Howard v. Lackey

Filing 35

MEMORANDUM OPINION & ORDER: 1. Dft's motion to dismiss 22 is GRANTED. 2. Pla's complaint 1 is DISMISSED WITH PREJUDICE. 3. Court will enter an appropriate judgment. 4. This matter is STRICKEN from active docket. Signed by Judge Karen K. Caldwell on 3/7/2018. (RCB)cc: COR, Howard via US mail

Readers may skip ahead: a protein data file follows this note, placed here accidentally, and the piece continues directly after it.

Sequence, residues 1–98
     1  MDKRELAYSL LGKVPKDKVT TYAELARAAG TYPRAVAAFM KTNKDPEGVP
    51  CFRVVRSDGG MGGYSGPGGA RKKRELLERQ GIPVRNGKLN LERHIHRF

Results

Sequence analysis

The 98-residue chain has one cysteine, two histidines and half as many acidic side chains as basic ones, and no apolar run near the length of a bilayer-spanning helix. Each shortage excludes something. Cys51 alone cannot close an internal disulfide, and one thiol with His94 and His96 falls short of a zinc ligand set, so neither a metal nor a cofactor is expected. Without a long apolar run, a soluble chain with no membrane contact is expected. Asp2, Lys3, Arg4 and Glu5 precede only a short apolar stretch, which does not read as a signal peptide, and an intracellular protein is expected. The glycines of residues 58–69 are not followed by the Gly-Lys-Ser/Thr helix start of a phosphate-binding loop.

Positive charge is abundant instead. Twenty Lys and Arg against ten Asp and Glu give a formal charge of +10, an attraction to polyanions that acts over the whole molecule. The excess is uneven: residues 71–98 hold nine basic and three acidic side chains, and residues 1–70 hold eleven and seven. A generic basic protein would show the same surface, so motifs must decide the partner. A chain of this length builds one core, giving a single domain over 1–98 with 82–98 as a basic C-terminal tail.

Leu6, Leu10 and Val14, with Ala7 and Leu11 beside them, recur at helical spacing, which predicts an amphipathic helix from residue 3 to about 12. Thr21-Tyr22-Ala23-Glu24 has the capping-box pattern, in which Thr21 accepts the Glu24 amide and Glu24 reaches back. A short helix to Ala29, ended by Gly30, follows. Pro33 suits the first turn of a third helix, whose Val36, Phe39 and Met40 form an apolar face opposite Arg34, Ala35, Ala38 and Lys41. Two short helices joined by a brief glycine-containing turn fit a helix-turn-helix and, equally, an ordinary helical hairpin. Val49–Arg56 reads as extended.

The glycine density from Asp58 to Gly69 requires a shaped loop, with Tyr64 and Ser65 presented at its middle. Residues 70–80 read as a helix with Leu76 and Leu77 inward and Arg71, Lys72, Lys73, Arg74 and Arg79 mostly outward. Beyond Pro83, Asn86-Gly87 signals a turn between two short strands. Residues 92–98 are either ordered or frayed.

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UNITED STATES DISTRICT COURT EASTERN DISTRICT OF KENTUCKY SOUTHERN DIVISION at PIKEVILLE THEODORE HOWARD, Plaintiff, v. Civil Action No. 7:16-129-KKC MEMORANDUM OPINION & ORDER L. LACKEY, Defendant. *** *** *** *** Inmate Theodore Howard is confined at the United States Penitentiary-Big Sandy in Inez, Kentucky. Proceeding without an attorney, Howard filed a civil rights action against a federal official pursuant to Bivens v. Six Unknown Federal Narcotics Agents, 403 U.S. 388 (1971). [R. 1]. Defendant, Lana Lackey, has filed a motion to dismiss pursuant to Federal Rule of Civil Procedure 12(b)(6). [R. 22]. Howard has filed a response [R. 28] and Lackey has filed a reply. [R. 29]. Thus, this matter has been fully briefed and is ripe for review. For the reasons set forth below, the Court will grant Lackey’s motion to dismiss and dismiss Howard’s claims. I. Factual Background Although Howard’s handwritten Complaint is somewhat difficult to read, from what the Court is able to ascertain, Howard alleges that, in 2014, he was attempting to pursue claims of prosecutorial misconduct and ineffective assistance of counsel claims in his underlying criminal case, United States v. Howard, No. 1:07-cr-674-2 (N. D. Ill. 2007), via a petition for a writ of habeas corpus filed pursuant to 28 U.S.C. § 2255, United States v. Howard, No. 1:13-cv-7819 (N.D. Ill. 2013). [R. 1 at p. 2]. In connection with these efforts, Howard alleges that, on or about May 27, 2014, he was sent trial and sentencing transcripts from the United States District Court for the Northern District of Illinois. [Id.]. According to Howard, Defendant Lana Lackey, a legal mail secretary at USP-Big Sandy, signed the USP-Big Sandy legal mail log book for the transcripts, but failed to tender these transcripts to Howard. [Id.]. Howard claims that an investigation into the matter made at his request showed that Lackey lost, misplaced, or discarded the transcripts that were sent to him from the federal court in Illinois. [Id. at p. 3]. Howard alleges that Lackey has violated the Bureau of Prisons (“BOP”) Program Statement 5800.10 for inmatelegal mail procedures, as well as 18 U.S.C. §§ 1701, 1702, and 1703, all in violation of his rights to receive mail under the First, Fourth, and Fourteenth Amendments to the Constitution. [Id. at p. 4, 8]. Howard seeks monetary damages. [Id. at p. 8]. II. Standard A motion to dismiss pursuant to Fed. R. Civ. P. 12(b)(6) tests the sufficiency of the plaintiff’s complaint. Gardner v. Quicken Loans, Inc., 567 F. App’x 362, 364 (6th Cir. 2014). When addressing a motion to dismiss, the Court views the complaint in the light most favorable to the plaintiff and accepts as true all well-pleaded facts in the complaint. D’Ambrosio v. Marino, 747 F.3d 378, 383 (6th Cir. 2014). Because the plaintiff here is proceeding without the benefit of an attorney, the Court reads his complaint to include all fairly and reasonably inferred claims. Davis v. Prison Health Servs., 679 F.3d 433, 437-38 (6th Cir. 2012). A complaint must contain allegations, either expressly stated or necessarily inferred, with respect to every material element necessary to sustain a recovery under some viable legal theory. Philadelphia Indem. Ins. Co. v. Youth Alive, Inc., 732 F.3d 645, 649 (6th Cir. 2013). But the complaint must be dismissed if it undoubtedly fails to allege facts sufficient to state a faciallyplausible claim. Republic Bank & Trust Co. v. Bear Stearns & Co., Inc., 683 F.3d 239, 247 (6th 2 Cir. 2012). A complaint may be dismissed for failure to state a claim if “it fails to give the defendant fair notice of what the...claim is and the grounds upon which it rests.” Bell Atlantic Corp. v. Twombly, 550 U.S. 544, 555 (2007)(citations omitted). III. Analysis First, to the extent that Howard’s Complaint alleges violations of 18 U.S.C. §§ 1701, 1702, and 1703, these are criminal statutes prohibiting the obstruction of mail and do not give rise to a private cause of action. See Miles v. Bottom, 2016 WL 2344222 at *4 (E.D. Ky. 2016)(“Because a private citizen lacks a judicially cognizable interest in the criminal prosecution of another, a civil plaintiff has no standing to assert a claim arising under a criminal statute.”)(citing Linda R.S. v. Richard D., 410 U.S. 615, 619 (1973); Chrysler Corp. v. Brown, 441 U.S. 281, 316 (1979)). See also Woods v. McGuire, 954 F.2d 388, 391 (6th Cir. 1992)(federal courts have uniformly held that there is no private right of action under 18 U.S.C. § 1703); Berlin Democratic Club v. Rumsfeld, 410 F.Supp. 144, 162 (D.D.C. 1976)(“Section 1702 is purely a criminal statute and cannot support a civil cause of action.”). Next, although it is not entirely clear given the difficulty of reading Howard’s handwriting, it appears that Howard may reference the Fourth and Fourteenth Amendments of the United States Constitution in his Complaint. [R. 1 at p. 8]. However, to the extent that Howard is attempting to suggest that Lackey “seized” his mail in violation of the Fourth Amendment, “the Fourth Amendment does not apply to searches of prison cells or seizures of property within them.” Simmons v. Szelewski, 642 F. App’x 95, 99 (3d Cir. 2016) (citing Hudson v. Palmer, 468 U.S. 517, 533 (1984)); Shakur v. Coelho, 421 F. App’x 132, 133 (3d Cir. 2011). This is so because “[t]he recognition of privacy rights for prisoners in their individual cells simply cannot be 3 reconciled with the concept of incarceration and the needs and objectives of penal institutions.” Hudson, 468 U.S. at 526. In addition, Howard fails to allege any facts to support a Fourteenth Amendment Claim for violation of his due process or equal protection rights. Generally, pro se pleadings are liberally construed. Erickson v. Pardus, 551 U.S. 89, 94 (2007). Even so, the principles requiring generous construction of pro se pleadings are not without limits. Wells v. Brown, 891 F.2d 591, 594 (6th Cir. 1989). The Court has an obligation to liberally construe a complaint filed by a person proceeding without counsel, but it has no authority to create arguments or claims that the plaintiff has not made. Coleman v. Shoney’s, Inc., 79 F. App’x 155, 157 (6th Cir. 2003) (“Pro se parties must still brief the issues advanced with some effort at developed argumentation.”); Superior Kitchen Designs, Inc. v. Valspar Indus. (U.S.A.), Inc., 263 F. Supp. 2d 140, 148 (D. Mass. 2003) (“While the allegations of the complaint are construed favorably to the plaintiff, the court will not read causes of action into the complaint which are not alleged.”). Thus, Howard’s failure to allege any facts that would give rise to a Fourteenth Amendment claim is a sufficient reason to dismiss this claim. Moreover, the Supreme Court has expressly held that where a constitutional claim is covered by a specific constitutional provision, the claim must be analyzed under the standard appropriate to that specific provision, not under the broad rubric of substantive due process. County of Sacramento v. Lewis, 523 U.S. 833, 843 (1998); see also Graham v. Connor, 490 U.S. 386, 395 (1989) (“Where a particular Amendment provides an explicit textual source of constitutional protection against a particular sort of government behavior, that Amendment, not the more generalized notion of substantive due process, must be the guide for analyzing these claims.”). “A prisoner's right to receive mail is protected by the First Amendment.” Sallier v. 4 Brooks, 343 F.3d 868, 873 (6th Cir. 2003). See also Stanley v. Vining, 602 F.3d 767, 769 (6th Cir. 2010)(recognizing that a prisoner’s liberty interest in receiving mail is grounded in the First Amendment). Because the First Amendment is the proper vehicle to assert claims of interference with Howard’s right to receive mail, his claim under the Fourteenth Amendment fails as a matter of law, and must be dismissed. See Cooleen v. Lamanna, 248 F. App’x 357, 362 (3rd Cir. 2007) (viability of claim under Eighth Amendment to challenge medical care of prisoner forecloses availability of substantive due process claim); Bell v. Johnson, 308 F.3d 594, 609-10 (6th Cir. 2002) (prisoner’s claim that officials retaliated against him for filing grievances was squarely covered by First Amendment, precluding due process claim under Fourteenth Amendment). Thus, to the extent that Howard purports to bring claims against Lackey under the Fourth and Fourteenth Amendment, these claims will be dismissed. Turning to Howard’s First Amendment claim, pursuant to Bivens, an individual may “recover money damages for any injuries...suffered as a result of [federal] agents' violation of” his constitutional rights. See Bivens, 403 U.S. at 397; Baranski v. Fifteen Unknown Agents of Bureau of Alcohol, Tobacco & Firearms, 452 F.3d 433, 438 (6th Cir.2006). However, as Lackey correctly points out, the Supreme Court has repeatedly indicated that a First Amendment claim is not cognizable under Bivens. See Reichle v. Howards, 132 S. Ct. 2088, 2093 n.4 (2012) (“We have never held that Bivens extends to First Amendment claims.”); Ashcroft v. Iqbal, 556 U.S. 662, 675 (2009)(“For while we have allowed a Bivens action to redress a violation of the equal protection component of the Due Process Clause of the Fifth Amendment..., we have not found an implied damages remedy under the Free Exercise Clause. Indeed, we have declined to extend Bivens to a claim sounding in the First Amendment.”)(citations omitted); Bush v. Lucas, 462 U.S. 367, 38789 (1983)(First Amendment retaliation claim was not cognizable under Bivens). While the 5 Supreme Court has expressly acknowledged the availability of the remedy for claims arising under the Fourth and Eighth Amendment, it has “consistently refused to extend Bivens liability to any new context or new category of defendants.” Correctional Services Corp. v. Malesko, 534 U.S. 61, 68 (2001). In Ziglar v. Abbasi, 137 S.Ct. 1843 (2017), the Supreme Court re-emphasized that “expanding the Bivens remedy is now a ‘disfavored’ judicial activity,” explaining When a party seeks to assert an implied cause of action under the Constitution itself, just as when a party seeks to assert an implied cause of action under a federal statute, separation-of-powers principles are or should be central to the analysis. The question is “who should decide” whether to provide for a damages remedy, Congress or the courts? Bush, 462 U.S., at 380, 103 S.Ct. 2404. The answer most often will be Congress. When an issue “‘involves a host of considerations that must be weighed and appraised,’” it should be committed to “‘those who write the laws'” rather than “‘those who interpret them.’” Ibid. (quoting United States v. Gilman, 347 U.S. 507, 512–513, 74 S.Ct. 695, 98 L.Ed. 898 (1954)). Id. at 1857. Given these considerations, the Court explained that “a Bivens remedy will not be available if there are ‘special factors counselling hesitation in the absence of affirmative action by Congress.’” Id. at 1857 (quoting Carlson v. Green, 226 U.S. 14, 18 (1980)). Lackey has identified several “special factors” that the Court agrees counsel hesitation in extending a Bivens remedy to Howard’s claims. First, given that the Supreme Court has never recognized a Bivens remedy under the First Amendment in any context, the Court is particularly reluctant to recognize one here, in the context of a First Amendment claim for denial of access to the courts based on a single instance of failing to receive legal mail while incarcerated. Moreover, there are “alternative, existing” processes available for protecting Howard’s interests in receiving his mail, such as seeking relief in his habeas proceedings pending in the District Court in Illinois and/or through the BOP’s administrative remedy process. See Wilkie v. Robbins, 551 U.S. 537, 6 550 (2007). See also Malesko, 534 U.S. 61, 69 (2001)(“So long as the plaintiff had an avenue for some redress, bedrock principles of separation of powers foreclosed judicial imposition of a new substantive liability.”)(citation omitted). In addition, the Court recognizes that, to extend Bivens liability in the First Amendment context presented here would impose substantial costs, in both time and money, upon individual officers and employees of the Federal Government. See Abbasi, 137 S.Ct. 1856. In the past, Congress has recognized the need to keep frivolous prisoner litigation in federal courts under control by passing the Prison Litigation Reform Act (“PLRA”), 42 U.S.C. § 1997e. Woodford v. Ngo, 548 U.S. 81, 83 (2006). Through the PLRA, Congress addressed the challenge of “ensuring that the flood of nonmeritorious claims does not submerge and effectively preclude consideration of the allegations with merit.” Jones v. Bock, 549 U.S. 199, 203 (2007). Thus, expanding Bivens liability in this context requires consideration of the potential imposition of costs upon the government, as well as the risks of an increase of frivolous prisoner litigation. The Court finds that these factors further “counsel hesitation” in extending Bivens liability to First Amendment claims, as balancing these public policy concerns is more appropriately addressed by Congress rather than by the Court For all of these reasons, the Court finds that Bivens does not extend to provide an available remedy for Howard’s claim under the First Amendment. Accordingly, this claim fails. Finally, to the extent that Howard alleges that Lackey has violated BOP Program Statement 5800.10 for inmate-legal mail procedures, this claim fails as a matter of law. The BOP’s Program Statements are not “laws” which may be broken. Rather, they are merely internal agency guidelines and manuals, and they are not promulgated in compliance with the Administrative Procedures Act. Reno v. Koray, 515 U.S. 50, 61 (1995). Accordingly, they do not carry the force 7 of law and do not create substantive rights that may be enforced by any person. United States v. Craveiro, 907 F.2d 260, 264 (1st Cir. 1990); Schweiker v. Hansen, 450 U.S. 785, 789 (1981). Because a federal employee’s failure to adhere to a Program Statement does not constitute a violation of federal law, any “claim” under a Program Statement fails as a matter of law. United States v. Loughner, 782 F. Supp. 2d 829, 831 (D. Ariz. 2011); Callahan v. Patton, No. 07-CV-54JMH, 2007 WL 1662695, at *5 (E.D. Ky. June 4, 2007). IV. Conclusion For all of these reasons, Howard fails to state a claim for which relief may be granted against Lackey. Accordingly, Lackey’s motion to dismiss will be granted and Howard’s Complaint will be dismissed with prejudice. Because the Court finds that Howard fails to state a claim, it need not reach the statute of limitations argument set forth by Lackey in her motion to dismiss, nor her argument that she is entitled to qualified immunity. Accordingly, it is hereby ORDERED as follows: 1. Defendant’s motion to dismiss [R. 22] is GRANTED. 2. Plaintiff’s complaint [R. 1] is DISMISSED WITH PREJUDICE. 3. The Court will enter an appropriate judgment. 4. This matter is STRICKEN from the active docket. Dated March 7, 2018. 8